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Around the Nation
5:10 am
Fri March 9, 2012

Florida City Cracks Down On Illegal Highway Signs

Originally published on Mon March 12, 2012 9:09 am

Transcript

STEVE INSKEEP, HOST:

The Two-Way
5:05 am
Fri March 9, 2012

Greece Takes Critical Step Toward Avoiding Bankruptcy

The European Union flag flies in front of the Parthenon in Athens. Greece's EU partners are about to give it another massive bailout.
Louisa Gouliamaki AFP/Getty Images

The important takeaway from this morning's news about Europe's financial mess:

It seems less likely that Greece will go bankrupt and more likely that it will get another international bailout that hopefully will shore up the nation's economy and prevent a domino-like tumble of other ailing European nations and the unsettling repercussions that could have for the U.S. economy.

As The Associated Press writes:

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Election 2012
2:00 am
Fri March 9, 2012

Miss. Gov. Bryant Endorses Mitt Romney

Originally published on Mon March 12, 2012 9:09 am

Transcript

STEVE INSKEEP, HOST:

Mitt Romney is on the road again, this time in the deep South. He's campaigning today in Mississippi and Alabama, both states that hold primaries next Tuesday. NPR's Ari Shapiro was at a Romney rally at a port on the Gulf of Mexico.

ARI SHAPIRO, BYLINE: Mitt Romney left his home in bright spring Boston weather and flew down to where the air is thick and the accents are thicker, a town known as Goula.

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Middle East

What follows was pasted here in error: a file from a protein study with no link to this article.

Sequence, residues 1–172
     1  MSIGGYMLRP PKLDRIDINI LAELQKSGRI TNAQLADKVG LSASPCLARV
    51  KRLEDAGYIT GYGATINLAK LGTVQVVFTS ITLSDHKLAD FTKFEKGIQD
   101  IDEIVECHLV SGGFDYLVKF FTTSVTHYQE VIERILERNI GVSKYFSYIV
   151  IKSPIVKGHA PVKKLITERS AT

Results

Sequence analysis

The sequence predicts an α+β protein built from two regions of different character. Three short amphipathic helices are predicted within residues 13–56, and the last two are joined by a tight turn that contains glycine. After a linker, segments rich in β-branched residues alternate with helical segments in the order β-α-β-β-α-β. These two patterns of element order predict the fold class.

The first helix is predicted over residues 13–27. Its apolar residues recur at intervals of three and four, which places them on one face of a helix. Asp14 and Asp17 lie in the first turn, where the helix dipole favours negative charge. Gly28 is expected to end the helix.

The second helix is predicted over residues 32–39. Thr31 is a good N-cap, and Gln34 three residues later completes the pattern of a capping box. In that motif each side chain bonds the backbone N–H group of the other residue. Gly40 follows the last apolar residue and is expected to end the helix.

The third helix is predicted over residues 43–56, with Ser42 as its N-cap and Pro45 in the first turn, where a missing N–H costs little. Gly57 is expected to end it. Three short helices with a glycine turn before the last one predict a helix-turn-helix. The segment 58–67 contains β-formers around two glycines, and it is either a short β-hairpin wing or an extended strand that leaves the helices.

2:00 am
Fri March 9, 2012

Pace Of Iran's Nuclear Program I Overestimated

Iranians have agreed to meet with Western officials to discuss their nuclear program, amid increasing Western concern about its purpose. Steve Inskeep talks to Paul Pillar about his article in The Washington Monthly entitled "We Can Live with a Nuclear Iran." Pillar teaches in the security studies program at Georgetown University.

Africa
2:00 am
Fri March 9, 2012

U.S. Command Fights Terrorists On African Soil

Originally published on Mon March 12, 2012 9:09 am

Transcript

STEVE INSKEEP, HOST:

It's MORNING EDITION from NPR News. I'm Steve Inskeep.

Back in January, Navy Seals rescued an American aid worker who was held for months by Somali pirates. That moment shone a spotlight on the U.S. military's newest regional command - Africom, the U.S. Africa Command, which was created in 2007. One of its biggest concerns is dealing with terrorist groups such as al-Qaida and its regional affiliates. Renee spoke with the head of Africom, General Carter Ham.

RENEE MONTAGNE, HOST:

Good morning.

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